Potential factors affecting the rate of COPD exacerbations in Japan

Intrinsic and extrinsic factors

Many contributory factors may influence the low reported COPD exacerbation rate in Japan. To best understand the potential reasons for the observed differences, we must consider hypotheses relating to both intrinsic and extrinsic factors that could act upon the Japanese population in a different manner to other countries.

Intrinsic factors in this case relate to variables that are specific to the people of Japan, namely the genetic profile and ethnicity of the population. To our knowledge, no data linking genetic factors unique to the Japanese population and COPD exacerbations have been identified. Furthermore, we would suggest that intrinsic factors are unlikely to account for the difference in COPD exacerbation rate since, in the UPLIFT study, countries with populations that are of predominantly Asian ethnicity (eg, Singapore and Taiwan) all had observed trends in exacerbation rates that were different from that of Japan.7 Another intrinsic factor may be behavioral characteristics, with Japanese patients less likely to report worsening symptoms on health status questionnaires; however, this is an observational hypothesis with no scientific evidence. The lower SGRQ score (40.5±13.6 in Japanese vs 45.9±17.1 in overall populations), in the UPLIFT study, regardless of their similar FEV1 (% predicted) (38.6±11.5 in Japanese vs 39.4±12.0 in overall populations), might reflect that kind of behavioral characteristics in Japanese. We must also be mindful that a small risk exists for these data to be confounded by a minority of patients who overreport their symptoms, some instances of which have been reported in Japanese studies.15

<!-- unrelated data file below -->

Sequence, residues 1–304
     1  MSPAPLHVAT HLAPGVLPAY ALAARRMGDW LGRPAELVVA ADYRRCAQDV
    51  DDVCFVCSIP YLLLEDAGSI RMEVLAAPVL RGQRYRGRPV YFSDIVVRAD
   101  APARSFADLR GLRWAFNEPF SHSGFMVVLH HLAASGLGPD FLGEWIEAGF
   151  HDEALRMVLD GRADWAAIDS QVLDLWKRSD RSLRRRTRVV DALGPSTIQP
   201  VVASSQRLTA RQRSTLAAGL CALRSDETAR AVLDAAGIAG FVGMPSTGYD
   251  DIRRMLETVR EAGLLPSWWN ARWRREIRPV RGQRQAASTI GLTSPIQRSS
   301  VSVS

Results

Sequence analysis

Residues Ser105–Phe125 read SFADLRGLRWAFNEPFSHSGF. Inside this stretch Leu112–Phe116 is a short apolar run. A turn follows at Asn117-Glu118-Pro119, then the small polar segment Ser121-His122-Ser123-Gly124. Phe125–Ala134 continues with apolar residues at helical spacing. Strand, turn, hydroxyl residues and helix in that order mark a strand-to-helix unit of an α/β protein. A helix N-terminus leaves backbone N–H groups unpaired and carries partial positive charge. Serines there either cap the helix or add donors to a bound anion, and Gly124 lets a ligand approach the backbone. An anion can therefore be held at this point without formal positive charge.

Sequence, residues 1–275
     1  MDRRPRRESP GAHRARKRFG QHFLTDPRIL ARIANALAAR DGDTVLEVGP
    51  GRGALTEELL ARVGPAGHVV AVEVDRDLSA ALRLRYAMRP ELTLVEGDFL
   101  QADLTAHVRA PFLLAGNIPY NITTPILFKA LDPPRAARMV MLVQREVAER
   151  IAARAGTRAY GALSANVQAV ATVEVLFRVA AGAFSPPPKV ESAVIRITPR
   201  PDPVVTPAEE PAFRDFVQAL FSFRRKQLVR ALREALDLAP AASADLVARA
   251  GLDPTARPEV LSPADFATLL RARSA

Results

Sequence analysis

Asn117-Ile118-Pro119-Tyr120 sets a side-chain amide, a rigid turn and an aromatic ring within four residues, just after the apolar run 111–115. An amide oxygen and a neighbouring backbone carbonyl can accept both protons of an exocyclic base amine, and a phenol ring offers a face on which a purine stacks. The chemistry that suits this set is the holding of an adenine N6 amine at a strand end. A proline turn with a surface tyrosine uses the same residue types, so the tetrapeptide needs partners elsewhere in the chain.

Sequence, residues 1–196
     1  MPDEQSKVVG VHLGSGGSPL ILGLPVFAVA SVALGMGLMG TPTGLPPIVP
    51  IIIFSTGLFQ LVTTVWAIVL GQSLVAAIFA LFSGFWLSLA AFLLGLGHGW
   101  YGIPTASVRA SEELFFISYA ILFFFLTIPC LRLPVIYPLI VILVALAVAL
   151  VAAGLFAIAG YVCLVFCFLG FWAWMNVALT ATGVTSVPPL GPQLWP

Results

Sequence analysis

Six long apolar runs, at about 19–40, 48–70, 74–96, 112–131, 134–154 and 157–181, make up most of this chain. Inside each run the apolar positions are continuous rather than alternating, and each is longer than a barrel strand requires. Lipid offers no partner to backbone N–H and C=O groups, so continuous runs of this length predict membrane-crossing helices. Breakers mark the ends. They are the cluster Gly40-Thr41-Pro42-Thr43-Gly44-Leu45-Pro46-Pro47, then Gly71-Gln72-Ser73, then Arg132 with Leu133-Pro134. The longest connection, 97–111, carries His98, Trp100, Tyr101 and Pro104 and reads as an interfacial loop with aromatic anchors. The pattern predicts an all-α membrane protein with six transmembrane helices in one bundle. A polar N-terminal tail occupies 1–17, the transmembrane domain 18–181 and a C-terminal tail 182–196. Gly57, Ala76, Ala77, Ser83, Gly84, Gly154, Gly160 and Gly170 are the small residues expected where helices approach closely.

Multiple extrinsic factors are potentially involved in explaining the lower exacerbation rate in Japan. In this context, these specifically relate to medical and environmental variables that are measurably different in Japan compared with other populations. Some of these key factors are outlined below, alongside our hypotheses as to how these might influence the reported exacerbation rate.

Access to medical care